LOADING

Type to search

Black Panther hoax spreads to Africa, Nigerian cinema fans celebrate ‘Black Panther’ release

Each One Teach One

Entertainment News Pop Culture

Black Panther hoax spreads to Africa, Nigerian cinema fans celebrate ‘Black Panther’ release

Share
Please remember this is a Hollywood movie not a black or negro movie, this movie is testament to the sad state of negroes worldwide in 2018 this is house niggers singing and dancing for massa dont forget that. This is white supremacy at its greatest. In my life on this earth I have never seen blacks united  in anything not music, not fashion, not appartheid or even racism but Hollywod makes a movie and we already into the billions spent.

LAGOS (Reuters) – Film fans, actors and comic enthusiasts in Nigeria’s commercial capital Lagos have been flocking to screenings of Marvel superhero movie “Black Panther” which opened in Africa’s most populous country this week.

The Walt Disney Co movie, which features a predominantly black cast, is set in the fictional African nation of Wakanda. It tells the story of the new king, T‘Challa/Black Panther (Chadwick Boseman), who is challenged by rival factions.

Nigeria, Africa’s largest economy, is also a cultural powerhouse that boasts the continent’s biggest film industry, known as Nollywood. Lagos is the country’s filmmaking hub.

At a screening of Black Panther on Friday in Lekki, an upmarket district of Lagos, Nollywood stars mingled with TV personalities and locals. The showing was one of a number of screenings in the city this week.

Most people were dressed in traditional Nigerian robes and gowns, with some opting to wear specially made attire in keeping with the film’s futuristic take on African garments.

“Black Panther is a film that celebrates black excellence. Bringing it to Nigeria is especially exciting,” said Bolaji Kekere-Ekun, a 33-year-old filmmaker.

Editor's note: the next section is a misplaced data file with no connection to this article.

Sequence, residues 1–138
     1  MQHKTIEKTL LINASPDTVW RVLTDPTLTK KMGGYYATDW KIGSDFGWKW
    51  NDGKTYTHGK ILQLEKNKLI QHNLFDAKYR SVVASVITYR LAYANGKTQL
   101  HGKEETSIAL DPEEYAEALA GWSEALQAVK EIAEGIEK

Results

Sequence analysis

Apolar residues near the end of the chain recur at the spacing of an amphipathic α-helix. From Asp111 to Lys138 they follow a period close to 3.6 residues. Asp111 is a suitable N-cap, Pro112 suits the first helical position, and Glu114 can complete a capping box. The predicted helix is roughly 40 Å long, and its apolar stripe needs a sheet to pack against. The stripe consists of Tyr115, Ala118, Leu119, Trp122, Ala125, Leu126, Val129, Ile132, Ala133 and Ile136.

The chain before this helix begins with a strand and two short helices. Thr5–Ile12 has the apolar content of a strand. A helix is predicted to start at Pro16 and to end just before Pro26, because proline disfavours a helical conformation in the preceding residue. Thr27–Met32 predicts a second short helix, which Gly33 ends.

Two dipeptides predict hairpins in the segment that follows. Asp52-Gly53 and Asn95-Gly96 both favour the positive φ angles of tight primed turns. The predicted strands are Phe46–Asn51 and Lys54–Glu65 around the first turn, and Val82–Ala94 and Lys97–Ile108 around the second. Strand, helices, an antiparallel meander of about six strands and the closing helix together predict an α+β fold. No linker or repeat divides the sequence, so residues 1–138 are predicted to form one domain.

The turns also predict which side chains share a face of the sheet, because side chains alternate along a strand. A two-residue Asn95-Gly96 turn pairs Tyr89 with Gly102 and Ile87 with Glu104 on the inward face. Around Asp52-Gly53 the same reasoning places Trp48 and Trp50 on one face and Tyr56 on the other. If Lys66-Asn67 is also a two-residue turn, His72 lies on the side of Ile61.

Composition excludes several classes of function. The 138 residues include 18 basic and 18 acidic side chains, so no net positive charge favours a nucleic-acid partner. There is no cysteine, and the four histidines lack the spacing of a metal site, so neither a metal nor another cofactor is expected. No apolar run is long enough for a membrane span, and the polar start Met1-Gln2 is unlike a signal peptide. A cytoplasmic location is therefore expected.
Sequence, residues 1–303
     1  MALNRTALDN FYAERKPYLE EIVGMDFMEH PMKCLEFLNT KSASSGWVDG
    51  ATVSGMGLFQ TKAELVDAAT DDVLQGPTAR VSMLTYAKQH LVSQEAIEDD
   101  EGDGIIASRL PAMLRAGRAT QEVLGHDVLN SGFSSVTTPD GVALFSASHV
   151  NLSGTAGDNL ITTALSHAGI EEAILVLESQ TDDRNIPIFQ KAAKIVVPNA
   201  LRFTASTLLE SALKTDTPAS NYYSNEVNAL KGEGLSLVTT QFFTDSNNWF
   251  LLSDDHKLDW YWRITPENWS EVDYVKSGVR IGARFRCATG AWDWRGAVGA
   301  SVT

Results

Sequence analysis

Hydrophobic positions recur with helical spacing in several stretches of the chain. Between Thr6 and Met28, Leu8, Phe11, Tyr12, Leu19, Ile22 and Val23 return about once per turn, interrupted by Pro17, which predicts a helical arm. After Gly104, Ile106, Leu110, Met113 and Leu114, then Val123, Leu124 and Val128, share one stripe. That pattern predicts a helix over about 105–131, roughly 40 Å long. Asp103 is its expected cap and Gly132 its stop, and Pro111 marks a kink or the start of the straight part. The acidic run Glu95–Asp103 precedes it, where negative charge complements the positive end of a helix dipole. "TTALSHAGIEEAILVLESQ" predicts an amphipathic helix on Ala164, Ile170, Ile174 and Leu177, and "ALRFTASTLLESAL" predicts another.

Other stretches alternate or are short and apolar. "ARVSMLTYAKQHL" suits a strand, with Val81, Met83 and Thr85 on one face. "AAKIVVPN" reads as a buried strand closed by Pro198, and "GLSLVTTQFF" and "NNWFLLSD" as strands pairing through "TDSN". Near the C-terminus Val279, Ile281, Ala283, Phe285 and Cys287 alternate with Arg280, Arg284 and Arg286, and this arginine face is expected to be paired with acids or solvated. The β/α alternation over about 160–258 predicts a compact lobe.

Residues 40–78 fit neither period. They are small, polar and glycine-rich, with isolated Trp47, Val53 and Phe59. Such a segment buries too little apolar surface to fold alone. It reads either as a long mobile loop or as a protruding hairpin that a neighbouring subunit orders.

“The people who made the film were very specific about the references they used in relationship to Africa. They are pulling from the best fashion and art,” he said.

The fictional African country is depicted as a verdant land with stunning waterfalls where spacecraft designed like tribal masks soar over a modern metropolis.

The portrayal of Wakanda as a futuristic, wealth-laden nation was welcomed by local actress Ijeoma Grace Agu, who used body paint and a two-piece outfit as a homage to the film’s fashion aesthetic and said she was excited to watch the film.

“For once we are not just dressed in slave clothes or doing slavery or brutality. For once we are dressed in good clothes,” said Agu.

Directed by black director Ryan Coogler and featuring actors including Michael B. Jordan, Angela Bassett, Lupita Nyong‘o and Forest Whittaker, the film has received widespread critical acclaim after years of criticism about the under-representation of black people in Hollywood.

“Seeing us exude power and strength, seeing our culture, our high fashion sense portrays us in a different light,” said Agu.

Black Panther’s Opening Weekend Was a Celebration of African Fashion

when white America murders a black child you ever see Africa react  but when white Hollywood makes a movie with dancing monkeys they dress for the occassion

Fans showed up in ‘Black Panther’ costumes, traditional dress, and modern African styles.

Black Panther was bound to be a fashion moment. The landmark Marvel film, groundbreaking as a comic book movie with all black leads, not only features the fashion-forward Lupita Nyong’o, but also takes inspiration from an array of ethnic dress found across Africa. Styles from a variety of groups, including the Maasai, Toureg, Akan, Mursi, and Ndebele, are represented in the film. And black fans around the world used the film’s opening to showcase their African or African-inspired fashions.

“We knew Black Panther wasn’t going to be just any other movie,” Mohammed-Hanif Abdulai of Ghana told Racked via email. “It was a movie about representation, culture, and diversity; a movie that had a message. In that spirit, we decided we were not going to treat this as just any other movie premiere.”